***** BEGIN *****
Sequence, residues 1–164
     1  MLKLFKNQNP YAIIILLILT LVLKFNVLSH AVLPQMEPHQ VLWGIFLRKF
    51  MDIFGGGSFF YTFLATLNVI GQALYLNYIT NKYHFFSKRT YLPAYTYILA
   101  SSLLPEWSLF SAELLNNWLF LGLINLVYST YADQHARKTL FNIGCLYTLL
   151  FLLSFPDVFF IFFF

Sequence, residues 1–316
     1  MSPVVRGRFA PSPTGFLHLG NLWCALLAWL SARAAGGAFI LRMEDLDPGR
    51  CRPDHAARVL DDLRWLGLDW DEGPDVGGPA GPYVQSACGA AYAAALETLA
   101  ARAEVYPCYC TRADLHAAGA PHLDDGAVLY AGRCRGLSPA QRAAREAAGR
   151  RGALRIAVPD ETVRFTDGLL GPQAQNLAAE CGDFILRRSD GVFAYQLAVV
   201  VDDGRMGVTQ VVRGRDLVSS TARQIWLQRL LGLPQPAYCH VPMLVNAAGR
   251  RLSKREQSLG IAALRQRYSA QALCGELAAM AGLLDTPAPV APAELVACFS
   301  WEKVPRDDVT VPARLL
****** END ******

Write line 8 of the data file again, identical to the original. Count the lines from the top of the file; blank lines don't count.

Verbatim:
    51  CRPDHAARVL DDLRWLGLDW DEGPDVGGPA GPYVQSACGA AYAAALETLA